SLD Computing Strategy Statement


SLD has been in existence since the early 1980's, with its Design Report submitted in May 1984. The engineering run occurred in 1991. SLD's goal is to study Z boson decays produced by the SLC.

Event rates are moderate at about 0.3 Hz with event sizes of about 250 kB. Our issues have been compute cycles, primarily for MC simulation and user analysis; access to the data on disk and in the tape silo; and the desktop.


SLD expects to acquire approximately one million Z's in the next four years. The online acquisition and monitoring are handled in VMS on two machines, a VAX 8800 and a 6420. Data is written directly into the tape silo from the acquisition machine.

We estimate that we will need 1000 MIPs of processing to handle the data processing and Monte Carlo simulation for that data set. We hope that 500 MIPs will handle the interactive data analysis needs. Interactive analysis tends to sop up all available cycles when there is data to be analyzed.

Network traffic of a few MB/s is anticipated for the batch processing of MC and analysis. Similar loads local to compute engines are expected for user interactive analysis.

We expect to need on the order of 250 GB of disk to handle our data and MC DSTs, while we estimate requiring about 10,000 slots for 0.8 GB cartridges in the tape silo.

Remote institutes are expected to acquire local computing resources and to transport copies of the DSTs for home consumption.

Close collaboration with SCS remains an essential ingredient to success.


SLD is becoming mature in its operation. Incremental improvements to existing systems are envisaged for such areas as data access, interactive analysis and collaboration communication.

We are addressing the immediate compute cycle needs by acquiring DEC Alphas. Our collaborators are acquiring Alphas for analysis at their home institutions. Code is distributed to remote sites automatically immediately after submission to the code hub. Distribution is via BITNET and DECNET.

Presently, our compute base is on IBM VM and DEC VMS engines. We expect that the current generation of FDDI networks will suffice for our needs. If not, we expect that additional ports into the central hub will.

Access to the tape silo from the VMS cluster currently goes through a VAX 9000. We anticipate changing this access path to channel-connected RS6000's within the next year or so.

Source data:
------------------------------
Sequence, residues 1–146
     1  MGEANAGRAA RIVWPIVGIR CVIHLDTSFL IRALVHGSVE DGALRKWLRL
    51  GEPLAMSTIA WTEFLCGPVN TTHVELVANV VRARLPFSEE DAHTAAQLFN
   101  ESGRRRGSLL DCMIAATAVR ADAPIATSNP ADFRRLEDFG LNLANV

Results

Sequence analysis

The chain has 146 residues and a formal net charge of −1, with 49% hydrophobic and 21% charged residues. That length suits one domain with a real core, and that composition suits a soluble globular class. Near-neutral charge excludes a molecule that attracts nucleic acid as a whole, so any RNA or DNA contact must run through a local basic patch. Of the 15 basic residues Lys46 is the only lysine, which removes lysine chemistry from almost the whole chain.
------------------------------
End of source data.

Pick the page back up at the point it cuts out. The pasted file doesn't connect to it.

We anticipate separating the CPU's into MC simulation, user batch, user analysis and fileserving functions. The majority of user access to data will be via Xterms on the network.

Our analysis system is based on SLAC packages: IDA and Jazelle for data handling and management; Handypak and UG for histogramming and display graphics; and Mortran as a Fortran preprocessor. Oracle is used heavily to track our data processing. Use is being expanded to include our Monte Carlo simulation and data catalogues. Rexx is used heavily for servers and for its convenient interface to Oracle.

We have recently introduced CERN's PAW as an end-analysis/presentation tool and are attempting to convert from Handypak to HBOOK as our histogramming tool. We would also be interested in a SLAC supported graphics alternative to UG.

We are beginning to use WWW heavily for collaboration communication and documentation. We are also moving more and more of our tools into an X-window environment. It will soon be essentially impossible to do real work on Ascii terminals.

In light of the directions the laboratory is taking, we are embarking on a project to port our offline system and environment to UNIX. We are also preparing for the shutdown of the IBM VM mainframe. We are receiving help from SCS in the form of one and soon another UNIX programmer to assist in the port. We expect the entire port to take about two years to complete. We expect SLD analysis within SLAC and outside to rely on both UNIX and VMS cycles through the lifetime of the experiment.


SLD expects to be actively acquiring and analyzing Z data through 1998. We would expect two years of rampdown analysis following the end of running.


We estimate that the CPU's and disks to analyze and hold our data will cost about $600k (including 1994 costs).

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